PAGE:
- All Your Twisted Secrets
- Diana Urban
- March 17, 2020
- Kate Rudd
As I do on my blog, I make my bias’ known. I’m a member of Diana Urban’s street team. Despite this, I intend to write this review without bias. My praise and criticisms are my own words. I was not requested to give this book a certain rating or approval.
In April 2020, I deleted my Twitter account (for the second or third time), created a new one, and decided to only follow authors. Eventually, I strayed from my path and ended up unfollowing most of them because I was tired of hearing about books I couldn’t afford. Diana Urban was one of the few people I didn’t unfollow because the premise of her book sold me the moment I stumbled across it.
I spent a year trying to win a copy through giveaways because I wanted to review this book, but was hellbent on my first review being a free copy. (Ignore my crappy, zero effort 2020 reviews). Eventually, I bit the bull….injected the syringe.. whatever. I finally accepted my fate and just bought a copy like a normal person.
The book lived up to the hype. It’s funny, tense, the dialogue is realistic and the characters all feel real. I always struggle to remember the names of characters in books (people in general, to be honest) because they always feel like cardboard cutouts to me. That’s not an issue here because every character is fleshed out and feels like a real person. They have dreams and ambitions, desires and secrets.
As the story unfolds, it leaves you wondering if somebody in the room is the culprit or if it’s somebody they’ve all collectively wronged. Even if you’re not the type of person who re-reads a novel, this one is worth re-reading to see if you can pick up on any clues as the story progresses.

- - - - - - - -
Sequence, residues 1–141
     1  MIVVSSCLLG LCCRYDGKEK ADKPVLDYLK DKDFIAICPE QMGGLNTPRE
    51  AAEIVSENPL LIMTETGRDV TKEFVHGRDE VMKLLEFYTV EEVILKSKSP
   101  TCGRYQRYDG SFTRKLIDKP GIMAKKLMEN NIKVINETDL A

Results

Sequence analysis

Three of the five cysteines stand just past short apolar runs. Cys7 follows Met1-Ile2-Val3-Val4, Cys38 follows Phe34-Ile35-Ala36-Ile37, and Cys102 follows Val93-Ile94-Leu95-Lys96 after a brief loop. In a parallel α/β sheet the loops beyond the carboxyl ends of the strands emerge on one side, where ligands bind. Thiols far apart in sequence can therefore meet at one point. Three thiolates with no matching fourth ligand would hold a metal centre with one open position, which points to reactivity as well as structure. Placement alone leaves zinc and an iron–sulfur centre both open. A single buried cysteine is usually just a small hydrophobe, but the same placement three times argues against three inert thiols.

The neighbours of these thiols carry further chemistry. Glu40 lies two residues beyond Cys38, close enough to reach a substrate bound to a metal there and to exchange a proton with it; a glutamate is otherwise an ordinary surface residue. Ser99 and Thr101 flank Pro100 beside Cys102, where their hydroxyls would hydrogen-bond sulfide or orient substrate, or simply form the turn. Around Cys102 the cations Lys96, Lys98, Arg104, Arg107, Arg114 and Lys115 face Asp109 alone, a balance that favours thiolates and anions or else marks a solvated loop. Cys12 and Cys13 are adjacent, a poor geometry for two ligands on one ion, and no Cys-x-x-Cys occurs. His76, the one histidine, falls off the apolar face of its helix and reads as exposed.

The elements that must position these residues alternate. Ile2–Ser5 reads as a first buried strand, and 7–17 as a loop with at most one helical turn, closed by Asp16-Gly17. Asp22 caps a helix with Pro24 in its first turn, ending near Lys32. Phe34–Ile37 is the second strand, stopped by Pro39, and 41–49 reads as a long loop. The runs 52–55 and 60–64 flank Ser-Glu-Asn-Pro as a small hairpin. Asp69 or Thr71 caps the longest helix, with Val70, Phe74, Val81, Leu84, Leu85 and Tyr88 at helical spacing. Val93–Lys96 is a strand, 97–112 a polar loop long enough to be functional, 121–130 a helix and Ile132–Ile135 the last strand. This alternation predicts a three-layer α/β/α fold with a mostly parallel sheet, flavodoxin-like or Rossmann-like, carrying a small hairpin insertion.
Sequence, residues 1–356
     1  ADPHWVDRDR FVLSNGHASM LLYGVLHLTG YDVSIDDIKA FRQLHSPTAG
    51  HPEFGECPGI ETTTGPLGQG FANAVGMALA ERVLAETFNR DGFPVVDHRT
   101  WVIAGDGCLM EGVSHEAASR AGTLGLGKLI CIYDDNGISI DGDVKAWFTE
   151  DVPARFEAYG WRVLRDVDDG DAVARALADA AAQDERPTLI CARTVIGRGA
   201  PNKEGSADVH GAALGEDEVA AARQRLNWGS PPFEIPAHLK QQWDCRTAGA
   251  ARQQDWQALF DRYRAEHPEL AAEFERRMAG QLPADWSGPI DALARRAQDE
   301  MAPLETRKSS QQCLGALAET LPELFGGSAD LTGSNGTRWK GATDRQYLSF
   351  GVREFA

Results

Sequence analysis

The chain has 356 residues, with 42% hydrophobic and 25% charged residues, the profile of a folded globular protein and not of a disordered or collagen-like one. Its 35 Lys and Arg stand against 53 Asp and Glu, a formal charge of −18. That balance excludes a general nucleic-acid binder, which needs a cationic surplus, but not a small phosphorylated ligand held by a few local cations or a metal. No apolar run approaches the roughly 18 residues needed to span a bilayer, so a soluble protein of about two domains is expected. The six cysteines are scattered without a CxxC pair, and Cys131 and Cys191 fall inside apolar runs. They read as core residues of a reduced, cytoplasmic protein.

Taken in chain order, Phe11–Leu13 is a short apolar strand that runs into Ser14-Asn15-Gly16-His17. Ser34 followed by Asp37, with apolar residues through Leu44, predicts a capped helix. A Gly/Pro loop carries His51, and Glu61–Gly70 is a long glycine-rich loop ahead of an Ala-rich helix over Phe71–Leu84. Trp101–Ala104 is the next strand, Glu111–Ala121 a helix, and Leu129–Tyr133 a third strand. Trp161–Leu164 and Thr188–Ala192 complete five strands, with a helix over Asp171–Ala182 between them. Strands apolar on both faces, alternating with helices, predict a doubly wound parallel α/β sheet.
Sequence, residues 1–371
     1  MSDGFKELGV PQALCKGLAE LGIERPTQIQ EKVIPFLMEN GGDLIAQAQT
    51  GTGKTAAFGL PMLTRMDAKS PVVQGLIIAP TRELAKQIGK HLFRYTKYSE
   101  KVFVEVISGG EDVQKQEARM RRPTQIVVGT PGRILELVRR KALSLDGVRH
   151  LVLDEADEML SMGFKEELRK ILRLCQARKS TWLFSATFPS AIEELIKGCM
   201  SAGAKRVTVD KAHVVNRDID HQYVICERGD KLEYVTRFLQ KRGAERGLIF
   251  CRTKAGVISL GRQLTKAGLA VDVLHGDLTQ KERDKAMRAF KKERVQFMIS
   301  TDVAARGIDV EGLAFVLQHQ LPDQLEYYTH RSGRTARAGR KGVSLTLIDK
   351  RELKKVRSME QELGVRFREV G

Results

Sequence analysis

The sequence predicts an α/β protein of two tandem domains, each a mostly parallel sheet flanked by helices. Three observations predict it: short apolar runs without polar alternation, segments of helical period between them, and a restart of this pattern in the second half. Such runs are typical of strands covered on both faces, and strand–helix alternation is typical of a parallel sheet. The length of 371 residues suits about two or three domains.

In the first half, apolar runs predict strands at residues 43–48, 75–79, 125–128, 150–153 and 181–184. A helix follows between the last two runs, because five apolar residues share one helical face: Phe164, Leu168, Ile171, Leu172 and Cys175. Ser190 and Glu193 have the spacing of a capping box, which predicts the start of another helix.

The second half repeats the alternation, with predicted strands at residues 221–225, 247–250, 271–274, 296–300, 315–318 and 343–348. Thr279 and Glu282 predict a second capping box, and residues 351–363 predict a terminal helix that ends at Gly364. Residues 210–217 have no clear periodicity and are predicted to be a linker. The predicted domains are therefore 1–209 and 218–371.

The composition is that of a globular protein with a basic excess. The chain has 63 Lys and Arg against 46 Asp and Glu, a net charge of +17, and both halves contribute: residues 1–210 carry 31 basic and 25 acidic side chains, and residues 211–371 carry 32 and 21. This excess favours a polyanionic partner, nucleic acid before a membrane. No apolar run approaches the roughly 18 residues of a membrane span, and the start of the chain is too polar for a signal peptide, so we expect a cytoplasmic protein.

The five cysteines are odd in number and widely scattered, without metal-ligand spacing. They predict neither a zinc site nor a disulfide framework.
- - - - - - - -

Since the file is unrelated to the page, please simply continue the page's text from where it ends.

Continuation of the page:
My complaints are all minor. When I originally read this book, I found the start to be difficult to get into. The back and forth, the high-school drama seemed silly to me. People get so involved in the drama of their own little community that they seem to think the world revolves around them. When you step back from it, you realize that nobody else cares or even knows about these silly problems that you’re so invested in. So I’ve always done my best to distance myself from any drama of the sort.
The second complaint is something I’ve railed against in the past. I think the references to modern problems and culture (fortnight and the opioid crisis, etc) will date the book going forward. As I said in my review of Frankenstein, I’ve changed how I look at the word classic. I wonder as I’m listening to books or reading them; which of these will be around in 200 years? Maybe not all books are intended to stand the test of time. But I’d like to think somebody who takes the time to write a story would want it to be around for a while and the more dated it is, the less of a chance of that there will be.
Overall, the audio narration is excellent. The narrator repeatedly says “onvelope” which drives me crazy. Envelope – envelop. If something were to be enveloped in darkness, you wouldn’t say onveloped in darkness. If you think I’m being nitpicky, you’re goddamn right I am! I can’t stand when people who are supposed to be professional narrators mispronounce basic words. Just search my blog for my mentions of “acrosst” and “caramel” to see other examples.
I’ve wanted to review this book for a year and a half. Since I’ve been reviewing books, I’ve been too busy with review copies or too tired to read/review anything. I’m glad I finally had a spare audible credit and was able to give this book the time it deserves. If you couldn’t tell, I really, really enjoy this book. When Diana auctioned off an annotated copy of the book, I just had to buy it. Despite having 2 copies of the book already. The audiobook, purchased specifically for this review makes 4. I hope with this review that somebody will give this book a try and discover a new flavorite.